One of the key questions the optometrists at Cannon EyeCare try to ask all contact lens wearers is: what is your contact lens wearing schedule? In other words, do you wear them all day every day, or do you take one day off/week, or maybe you remove them two minutes before bed, or perhaps you even sleep in your contacts?
We take the time to inquire about your current habits in contacts because Contact Lens Over-Wear (CLOW) is one of the riskiest things you can do in your contacts. Many patients sleep in their lenses, which is known in the industry as Extended Wear. Aside from sharing used contacts with a friend or cleaning them in your mouth (which are both extremely risky) sleeping in contacts is probably the most dangerous thing you can do to your eyes as a contact lens wearer. We strongly discourage sleeping in contacts because we don’t want to see our patients to come in with a painful infected red eye. We know you don’t want that either.
If you think about it, we did not evolve with contacts in the eyes. So the cornea on the front of the eye needs a lot of oxygen to stay healthy. If you wear your lenses all waking moments, there is never really a time when your corneas get 100% oxygen. They are not getting much oxygen when you are asleep, as the lids block all access to the air. This scenario compromises your eye health and sets you up for corneal ulcers, bacterial conjunctivitis, or an inflammatory condition such as GPC: Giant Papillary Conjunctivitis or CLARE: Contact Lens Associated Red Eye. All of these conditions hurt and are potentially vision threatening.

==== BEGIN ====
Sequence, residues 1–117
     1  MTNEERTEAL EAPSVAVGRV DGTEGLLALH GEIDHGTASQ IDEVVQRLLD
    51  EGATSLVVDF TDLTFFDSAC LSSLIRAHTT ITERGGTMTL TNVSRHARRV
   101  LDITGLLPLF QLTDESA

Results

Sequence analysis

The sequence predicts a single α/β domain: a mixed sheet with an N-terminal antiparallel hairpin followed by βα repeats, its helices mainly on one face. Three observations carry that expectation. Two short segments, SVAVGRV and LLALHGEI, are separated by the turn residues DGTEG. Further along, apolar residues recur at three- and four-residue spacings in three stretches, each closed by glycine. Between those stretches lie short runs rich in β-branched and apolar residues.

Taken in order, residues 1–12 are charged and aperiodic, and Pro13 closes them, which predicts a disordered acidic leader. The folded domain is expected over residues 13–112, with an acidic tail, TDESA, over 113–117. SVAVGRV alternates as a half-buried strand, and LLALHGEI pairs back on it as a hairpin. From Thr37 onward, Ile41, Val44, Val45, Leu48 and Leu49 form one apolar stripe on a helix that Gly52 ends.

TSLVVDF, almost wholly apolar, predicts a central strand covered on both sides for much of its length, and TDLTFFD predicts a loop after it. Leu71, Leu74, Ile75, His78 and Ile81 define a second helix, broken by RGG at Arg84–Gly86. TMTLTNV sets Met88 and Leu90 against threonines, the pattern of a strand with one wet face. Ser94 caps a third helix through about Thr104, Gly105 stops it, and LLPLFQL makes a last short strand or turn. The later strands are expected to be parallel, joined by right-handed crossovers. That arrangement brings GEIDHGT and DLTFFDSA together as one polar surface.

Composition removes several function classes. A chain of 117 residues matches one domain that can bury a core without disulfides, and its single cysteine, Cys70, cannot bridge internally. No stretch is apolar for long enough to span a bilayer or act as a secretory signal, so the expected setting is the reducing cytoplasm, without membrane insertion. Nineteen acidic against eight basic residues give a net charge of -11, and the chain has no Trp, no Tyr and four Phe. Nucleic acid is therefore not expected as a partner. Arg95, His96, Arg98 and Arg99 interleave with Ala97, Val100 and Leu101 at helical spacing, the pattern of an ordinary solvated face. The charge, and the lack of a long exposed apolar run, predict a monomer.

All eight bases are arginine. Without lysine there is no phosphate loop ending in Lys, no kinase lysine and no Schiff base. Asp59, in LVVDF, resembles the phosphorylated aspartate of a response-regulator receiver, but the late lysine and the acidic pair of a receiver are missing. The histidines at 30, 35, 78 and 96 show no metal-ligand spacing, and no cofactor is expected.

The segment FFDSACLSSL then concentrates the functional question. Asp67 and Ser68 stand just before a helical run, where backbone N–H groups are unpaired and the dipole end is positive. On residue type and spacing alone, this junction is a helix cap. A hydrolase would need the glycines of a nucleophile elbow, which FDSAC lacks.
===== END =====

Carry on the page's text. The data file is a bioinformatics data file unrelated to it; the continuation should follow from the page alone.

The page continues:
In a perfect world, all of our patients would remove their contacts 2-3 hours before bed and wear glasses (or no glasses if you have a light prescription) the last few hours of the day. All contact lens patients should have an up to date pair of glasses; every set of eyes needs a back-up plan. If your glasses are too blurry or uncomfortable to drive safely, you should get them updated. A good way to remember to take your contact lenses out in the evening is to do it when you are changing out of your work clothes. Dr. Mark at Cannon EyeCare in Seattle asks for at least two hours a day when his patients are awake and do not have contacts in. Dr. Miranda Cannon goes one step further and asks all of her patients to wear contacts no more than 6 days a week….and take breaks every evening.
Think about your eyes. You’ve only got two to last you from birth to the grave, so take good care of them!
Sincerely, Dr. Mark Cannon, optometrist @ Cannon EyeCare (at Market Optical) in Seattle, WashingtonCLARE, CLOW, Contact lens, contacts, corneal ulcer, eye infection, GPC